While it is held by many that Confession, and with it the sense of sin, is in crisis – and we cannot fail to recognize a certain difficulty of contemporary man in this regard – this extensive participation by priests, newly ordained and ordinands, testifies to the continuing interest in working together to face and overcome the crisis, primarily with the “weapons of faith”, and offering an ever more qualified service capable of truly manifesting the beauty of divine Mercy.
Jesus came to save us by revealing to us the merciful face of God and drawing us to Him with His Sacrifice of love. Then, we must always remember that the Sacrament of Reconciliation is a real way of sanctification; it is the effective sign that Jesus left to the Church so that the door of the Father’s house would always remain open and that the return of men to Him was always possible.
Sacramental Confession is the way of sanctification both for the penitent and for the confessor. And you, dear young confessors, will soon have experience of this.
For the penitent it is clearly the way of sanctification, because, as was underlined several times during the recent Jubilee of Mercy, sacramental absolution, validly celebrated, restores to us our baptismal innocence, the full communion with God. That communion that God never interrupts towards man, but which man sometimes removes by using badly the stupendous gift of freedom.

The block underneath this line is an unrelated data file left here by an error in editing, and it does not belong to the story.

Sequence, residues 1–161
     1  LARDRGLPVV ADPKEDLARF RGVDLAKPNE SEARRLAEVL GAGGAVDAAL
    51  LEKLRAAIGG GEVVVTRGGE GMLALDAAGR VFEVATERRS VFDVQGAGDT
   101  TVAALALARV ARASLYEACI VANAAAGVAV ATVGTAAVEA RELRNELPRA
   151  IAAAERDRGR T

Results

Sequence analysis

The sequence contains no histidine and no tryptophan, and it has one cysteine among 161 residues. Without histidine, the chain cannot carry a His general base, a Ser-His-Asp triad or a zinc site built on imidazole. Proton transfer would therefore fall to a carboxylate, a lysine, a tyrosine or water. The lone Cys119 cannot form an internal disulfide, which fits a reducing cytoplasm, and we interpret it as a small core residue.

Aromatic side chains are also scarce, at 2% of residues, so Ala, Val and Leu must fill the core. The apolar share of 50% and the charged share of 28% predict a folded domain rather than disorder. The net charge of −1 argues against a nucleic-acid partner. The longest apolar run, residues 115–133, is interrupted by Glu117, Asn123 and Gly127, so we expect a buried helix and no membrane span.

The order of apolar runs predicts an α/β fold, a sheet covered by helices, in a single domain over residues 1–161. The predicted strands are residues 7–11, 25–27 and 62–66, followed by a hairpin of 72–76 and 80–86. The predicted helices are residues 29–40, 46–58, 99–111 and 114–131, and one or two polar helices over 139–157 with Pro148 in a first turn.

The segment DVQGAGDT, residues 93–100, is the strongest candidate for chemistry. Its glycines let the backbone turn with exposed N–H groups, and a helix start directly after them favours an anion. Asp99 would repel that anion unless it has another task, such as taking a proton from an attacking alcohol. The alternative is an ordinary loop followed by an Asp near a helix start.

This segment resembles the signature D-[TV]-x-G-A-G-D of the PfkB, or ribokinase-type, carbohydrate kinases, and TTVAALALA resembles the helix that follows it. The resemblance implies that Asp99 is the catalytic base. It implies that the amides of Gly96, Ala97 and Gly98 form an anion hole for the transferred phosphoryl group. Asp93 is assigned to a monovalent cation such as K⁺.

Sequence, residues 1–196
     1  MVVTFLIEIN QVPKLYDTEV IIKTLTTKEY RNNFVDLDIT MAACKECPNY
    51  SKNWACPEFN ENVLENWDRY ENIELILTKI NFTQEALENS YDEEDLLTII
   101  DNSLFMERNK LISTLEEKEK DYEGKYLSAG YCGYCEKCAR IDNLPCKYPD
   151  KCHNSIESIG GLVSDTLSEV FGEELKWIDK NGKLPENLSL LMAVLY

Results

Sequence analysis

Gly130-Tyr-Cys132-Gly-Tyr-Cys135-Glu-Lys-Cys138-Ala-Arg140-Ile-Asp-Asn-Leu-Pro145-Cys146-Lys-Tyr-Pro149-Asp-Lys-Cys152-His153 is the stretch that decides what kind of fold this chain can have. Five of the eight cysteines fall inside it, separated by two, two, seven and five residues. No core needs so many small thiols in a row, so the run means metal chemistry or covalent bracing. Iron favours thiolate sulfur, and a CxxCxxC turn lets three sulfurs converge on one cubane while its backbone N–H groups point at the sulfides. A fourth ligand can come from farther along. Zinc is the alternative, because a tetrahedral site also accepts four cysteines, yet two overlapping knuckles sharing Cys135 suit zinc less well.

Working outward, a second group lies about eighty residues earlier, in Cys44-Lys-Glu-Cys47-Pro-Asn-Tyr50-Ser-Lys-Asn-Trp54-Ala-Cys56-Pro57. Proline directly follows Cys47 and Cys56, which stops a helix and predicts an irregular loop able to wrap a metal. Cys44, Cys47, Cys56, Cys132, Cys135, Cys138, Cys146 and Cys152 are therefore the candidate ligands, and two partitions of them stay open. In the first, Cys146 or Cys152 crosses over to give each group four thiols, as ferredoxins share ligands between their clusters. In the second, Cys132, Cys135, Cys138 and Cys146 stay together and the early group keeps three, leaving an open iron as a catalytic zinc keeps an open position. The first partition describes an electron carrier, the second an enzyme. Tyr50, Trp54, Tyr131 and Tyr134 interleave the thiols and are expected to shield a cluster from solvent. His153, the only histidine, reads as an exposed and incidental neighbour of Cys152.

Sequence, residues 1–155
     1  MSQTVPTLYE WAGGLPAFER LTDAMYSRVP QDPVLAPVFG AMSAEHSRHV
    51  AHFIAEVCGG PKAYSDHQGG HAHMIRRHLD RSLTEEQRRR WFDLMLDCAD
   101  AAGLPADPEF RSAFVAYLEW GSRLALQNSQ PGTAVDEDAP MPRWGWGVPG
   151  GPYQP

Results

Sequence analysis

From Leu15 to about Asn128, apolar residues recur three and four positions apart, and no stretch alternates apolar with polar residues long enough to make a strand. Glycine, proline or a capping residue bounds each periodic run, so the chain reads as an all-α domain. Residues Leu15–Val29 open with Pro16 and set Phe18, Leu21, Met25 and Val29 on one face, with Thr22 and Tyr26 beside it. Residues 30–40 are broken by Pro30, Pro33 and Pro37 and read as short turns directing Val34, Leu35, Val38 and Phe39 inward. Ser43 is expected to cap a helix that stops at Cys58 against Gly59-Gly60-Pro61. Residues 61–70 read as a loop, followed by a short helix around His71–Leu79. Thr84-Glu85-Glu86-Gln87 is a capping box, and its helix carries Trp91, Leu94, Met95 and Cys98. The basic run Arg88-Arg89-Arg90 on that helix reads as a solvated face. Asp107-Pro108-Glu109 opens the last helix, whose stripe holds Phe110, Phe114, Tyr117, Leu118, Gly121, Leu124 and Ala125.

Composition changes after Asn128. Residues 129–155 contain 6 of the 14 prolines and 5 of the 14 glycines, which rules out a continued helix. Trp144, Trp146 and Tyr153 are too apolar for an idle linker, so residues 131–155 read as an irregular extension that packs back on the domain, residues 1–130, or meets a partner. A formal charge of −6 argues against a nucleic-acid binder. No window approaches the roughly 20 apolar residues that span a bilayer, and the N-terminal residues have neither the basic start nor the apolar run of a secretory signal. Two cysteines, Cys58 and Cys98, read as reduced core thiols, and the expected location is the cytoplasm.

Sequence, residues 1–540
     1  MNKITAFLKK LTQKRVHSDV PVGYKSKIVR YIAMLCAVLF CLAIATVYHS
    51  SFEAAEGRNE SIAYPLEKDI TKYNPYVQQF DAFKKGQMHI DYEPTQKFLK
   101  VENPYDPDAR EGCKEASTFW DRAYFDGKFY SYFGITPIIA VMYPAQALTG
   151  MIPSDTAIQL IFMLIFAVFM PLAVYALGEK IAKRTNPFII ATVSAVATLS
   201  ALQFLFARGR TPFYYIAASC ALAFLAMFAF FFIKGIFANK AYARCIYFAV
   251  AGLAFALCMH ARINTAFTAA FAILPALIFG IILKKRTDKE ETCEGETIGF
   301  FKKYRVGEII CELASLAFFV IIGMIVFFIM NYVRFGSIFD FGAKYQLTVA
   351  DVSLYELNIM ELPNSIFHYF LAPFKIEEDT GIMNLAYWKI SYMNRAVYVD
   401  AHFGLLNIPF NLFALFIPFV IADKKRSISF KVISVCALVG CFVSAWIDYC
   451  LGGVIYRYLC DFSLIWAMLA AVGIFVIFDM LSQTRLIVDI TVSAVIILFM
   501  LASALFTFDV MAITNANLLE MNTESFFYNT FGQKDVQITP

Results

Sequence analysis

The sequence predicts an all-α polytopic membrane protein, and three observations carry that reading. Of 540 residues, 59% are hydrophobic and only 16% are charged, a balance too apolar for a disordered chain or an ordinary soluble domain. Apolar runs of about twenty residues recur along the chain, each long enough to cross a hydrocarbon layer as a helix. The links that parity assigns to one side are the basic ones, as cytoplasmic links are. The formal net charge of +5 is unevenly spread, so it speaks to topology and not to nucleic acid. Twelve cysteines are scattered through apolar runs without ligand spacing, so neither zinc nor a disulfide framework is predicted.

For the meeting with the priests in my diocese, this year they chose as a motto “Reconciliation, sister of Baptism”. The sacrament of Penance is the “brother” of Baptism. For us priests, the fourth sacrament is the way of sanctification, first and foremost when, humbly, like all sinners, we kneel before the confessor and implore divine mercy for ourselves. Let us always remember – and this will help us greatly – before going to the confessional, that we are first of all forgiven sinners, and only then are we ministers of forgiveness.
Furthermore - and this is one of the many gifts that Christ’s love of predilection holds for us – as confessors we have the privilege of constantly contemplating the “miracles” of conversions. We must always recognize the powerful action of grace, which is capable of transforming the heart of stone into a heart of flesh (cf. Ez 11: 19), of changing a sinner who fled far away into a repentant son who returns to his father’s house (see Lk 15: 11-32).
For this reason the Penitentiary, with this Course on the Internal Forum, offers an important ecclesial service, favouring the necessary formation for a correct and effective celebration of the sacrament of Reconciliation, an indispensable prerequisite for its fruitfulness. This is because every single Confession is always a new and definitive step towards a more perfect sanctification; a tender embrace, full of mercy, which helps to expand the Kingdom of God, the Kingdom of love, truth and peace.